Nor is this limited to those we would consider evil people.  The young man in our reading in Matthew was a very moral man.  When Jesus told him what he would have to do to merit or earn eternal life, Heaven, he said, “All these things have I kept from my youth up” (Mt. 19:20).  I believe the man had a few blind spots in his view of his own goodness.  He was able to conveniently overlook some things in his past conduct that did not measure up to the letter of God’s law, let alone the spirit of God’s law.  But it is true that he conducted himself well and had a great measure of moral success.  By all human standards he was an exceptionally good man.  But not by God’s standards.  And Jesus points this out in a way that grieved the young man’s heart.  Give your goods away, He demanded.  “[G]o and sell all that thou hast, and give to the poor… and come and follow me” (Mt 19:21).  The man would not do it.  He loved his wealth and possessions more than he loved God.  Let me say this in more pointed language, because this is terribly important; he did not trust God to be better and more valuable than wealth and possessions.  Let me say that again; he did not trust God to be better and more valuable than his possessions.  Therefore he kept his possessions and give up God.

I want to look at Psalm 62 for a few minutes, because it elucidates this point in three short and solid points.  Its first point is; God’s people trust God.  This is the main point of the Psalm and it occupies seven of the Psalm’s twelve verses.  It is stated most clearly in verse 7, which is the culmination of the Psalm; “God is my health and my glory; the rock of my might; and in God is my trust.”  Let this be our motto as we travel this world; whether we live in riches or poverty, in worldly peace, or in persecution, “God is my health and my glory; the rock of my might; and in God is my trust.”

The second point is, Trust God.  It is made primarily in verses 8-12, and is made in such statements as; “O put your trust in Him always, ye people; pour out your hearts before Him, for God is our hope.”  I think this point is made for both believers and unbelievers.  It is possible for believers to become discouraged and even angry at God.  I even think it is possible for believers, true believers, to doubt, and to experience times when we don’t really trust God.  I actually think most believers have very little faith in God.  Most of our faith is in our feelings and opinions.  We trust God as long as we feel like He is close to us and helping us.  In reality God is there for us at all times, maybe even especially in those times when we don’t “feel” like He is.  Maybe He wants us to trust Him, not our feelings.  But know this; God will never leave or forsake you. The Author and finisher of your faith will complete the work He has begun in you.  So to you who trust God, trust God.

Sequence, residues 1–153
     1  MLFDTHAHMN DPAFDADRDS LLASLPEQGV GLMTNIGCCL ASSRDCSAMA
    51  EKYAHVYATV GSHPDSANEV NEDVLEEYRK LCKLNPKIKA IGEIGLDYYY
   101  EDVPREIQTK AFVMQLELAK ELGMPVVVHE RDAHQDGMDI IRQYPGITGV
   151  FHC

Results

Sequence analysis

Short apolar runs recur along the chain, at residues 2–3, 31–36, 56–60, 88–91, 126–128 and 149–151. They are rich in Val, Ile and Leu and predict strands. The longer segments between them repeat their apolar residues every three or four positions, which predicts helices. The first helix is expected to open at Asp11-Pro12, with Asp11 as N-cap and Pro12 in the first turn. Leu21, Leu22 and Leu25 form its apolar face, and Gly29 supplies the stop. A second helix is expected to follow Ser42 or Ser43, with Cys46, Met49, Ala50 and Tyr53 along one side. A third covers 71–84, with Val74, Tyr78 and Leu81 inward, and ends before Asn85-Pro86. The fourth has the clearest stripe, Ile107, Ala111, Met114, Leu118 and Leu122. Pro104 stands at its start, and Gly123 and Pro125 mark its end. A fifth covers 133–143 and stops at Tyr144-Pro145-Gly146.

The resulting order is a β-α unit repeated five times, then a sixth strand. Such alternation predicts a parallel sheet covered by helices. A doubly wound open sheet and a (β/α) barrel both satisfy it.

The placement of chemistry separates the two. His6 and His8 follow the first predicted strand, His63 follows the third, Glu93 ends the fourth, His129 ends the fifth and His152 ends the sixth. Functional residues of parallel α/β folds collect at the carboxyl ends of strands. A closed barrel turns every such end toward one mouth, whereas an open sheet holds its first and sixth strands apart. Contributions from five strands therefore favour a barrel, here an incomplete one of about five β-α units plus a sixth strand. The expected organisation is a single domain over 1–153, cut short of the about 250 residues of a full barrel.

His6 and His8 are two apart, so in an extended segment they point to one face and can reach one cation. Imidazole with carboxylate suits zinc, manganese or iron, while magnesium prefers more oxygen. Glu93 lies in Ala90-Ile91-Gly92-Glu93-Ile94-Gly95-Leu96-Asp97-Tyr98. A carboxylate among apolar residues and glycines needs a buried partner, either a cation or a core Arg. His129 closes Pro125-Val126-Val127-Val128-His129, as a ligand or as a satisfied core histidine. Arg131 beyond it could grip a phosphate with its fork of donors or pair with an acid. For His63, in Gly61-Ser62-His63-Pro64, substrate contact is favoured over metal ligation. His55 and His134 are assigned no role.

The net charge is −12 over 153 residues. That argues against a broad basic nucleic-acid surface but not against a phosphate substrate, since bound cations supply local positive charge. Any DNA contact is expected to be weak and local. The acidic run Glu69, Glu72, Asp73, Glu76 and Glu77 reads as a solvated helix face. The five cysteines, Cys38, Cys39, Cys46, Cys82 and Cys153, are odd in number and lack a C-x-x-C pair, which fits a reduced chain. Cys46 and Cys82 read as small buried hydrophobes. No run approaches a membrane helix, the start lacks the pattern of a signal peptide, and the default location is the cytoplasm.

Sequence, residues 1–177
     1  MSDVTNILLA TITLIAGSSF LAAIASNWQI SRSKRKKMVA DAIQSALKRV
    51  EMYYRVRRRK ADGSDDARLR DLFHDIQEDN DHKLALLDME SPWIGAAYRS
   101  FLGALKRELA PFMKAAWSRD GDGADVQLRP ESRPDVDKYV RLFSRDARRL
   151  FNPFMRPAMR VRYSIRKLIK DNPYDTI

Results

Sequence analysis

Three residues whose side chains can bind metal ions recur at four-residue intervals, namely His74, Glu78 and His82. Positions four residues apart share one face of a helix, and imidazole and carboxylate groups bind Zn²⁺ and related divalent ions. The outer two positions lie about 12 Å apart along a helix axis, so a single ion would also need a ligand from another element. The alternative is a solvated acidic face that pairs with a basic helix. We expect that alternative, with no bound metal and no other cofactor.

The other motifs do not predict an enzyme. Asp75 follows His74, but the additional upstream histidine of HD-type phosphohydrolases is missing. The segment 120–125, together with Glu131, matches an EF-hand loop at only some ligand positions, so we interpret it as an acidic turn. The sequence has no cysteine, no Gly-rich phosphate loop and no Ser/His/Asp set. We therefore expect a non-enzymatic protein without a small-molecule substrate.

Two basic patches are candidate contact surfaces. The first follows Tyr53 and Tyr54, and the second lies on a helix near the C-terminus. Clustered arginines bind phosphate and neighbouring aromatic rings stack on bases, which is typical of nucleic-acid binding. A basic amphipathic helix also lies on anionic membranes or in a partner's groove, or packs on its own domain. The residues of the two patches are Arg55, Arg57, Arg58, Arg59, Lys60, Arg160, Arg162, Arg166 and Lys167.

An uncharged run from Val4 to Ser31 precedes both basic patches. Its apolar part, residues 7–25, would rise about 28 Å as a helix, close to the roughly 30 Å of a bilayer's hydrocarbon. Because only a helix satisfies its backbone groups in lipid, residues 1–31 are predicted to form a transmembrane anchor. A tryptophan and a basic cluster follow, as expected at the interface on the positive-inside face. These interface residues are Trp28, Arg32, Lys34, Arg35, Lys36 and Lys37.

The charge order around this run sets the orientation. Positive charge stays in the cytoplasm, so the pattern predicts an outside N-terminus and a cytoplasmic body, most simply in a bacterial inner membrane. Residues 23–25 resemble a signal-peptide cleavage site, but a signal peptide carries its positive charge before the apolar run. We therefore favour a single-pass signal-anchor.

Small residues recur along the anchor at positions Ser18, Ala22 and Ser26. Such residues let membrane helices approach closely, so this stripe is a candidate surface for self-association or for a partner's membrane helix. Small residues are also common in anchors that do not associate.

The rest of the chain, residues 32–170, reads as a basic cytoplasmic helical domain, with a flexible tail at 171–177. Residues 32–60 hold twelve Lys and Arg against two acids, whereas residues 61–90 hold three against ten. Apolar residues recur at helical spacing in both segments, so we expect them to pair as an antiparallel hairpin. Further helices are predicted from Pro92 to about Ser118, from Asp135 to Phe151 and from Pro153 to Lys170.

To the unbeliever, this point is an exhortation to give up unbelief.  God has good things for you.  In Him there is pardon for your sins, mercy for your weaknesses, and help and strength for your soul. I turn back to Matthew 19, and Christ’s promises to the disciples, who have forsaken all to follow Him (Mt. 19:27).  They have put their whole trust in Jesus, for this life and eternity.  And what does Jesus say to them?  You will sit on thrones in Heaven, and you will have eternal life, life in the presence of God, enjoying His love and richest blessings forever (Mt. 1928-30).  Why give up these riches for a few trinkets and pleasures that will fade very soon?  Trust in Christ and be saved.

The third point, in verses 3 and 4, is a warning to the wicked.  It calls them a tottering wall and a broken hedge.  “Ye shall be slain all the sort of you,” it says.  The Bible makes it very plain that the ungodly will not have any part with Him in Heaven.  Instead of eternal life, they will inherit eternal death, a living death, forever.  Why suffer that fate?  Believe in Christ and be saved.  Trust God.

Now it just so happens that the Collect for today is about trusting God.  “Order,” guide the world and its people so that we may live and serve God in peace.  That is the first part of the prayer.  The second part is more important, for it asks God to help us find our peace in Him; to “joyfully serve” Him.  In other words, it asks God to help us trust Him.
                                                                                  

“Grant, O Lord, we beseech thee, that the course of this world may be so peaceably ordered by thy governance, that thy Church may joyfully serve thee in all godly quietness; through Jesus Christ our Lord. Amen.”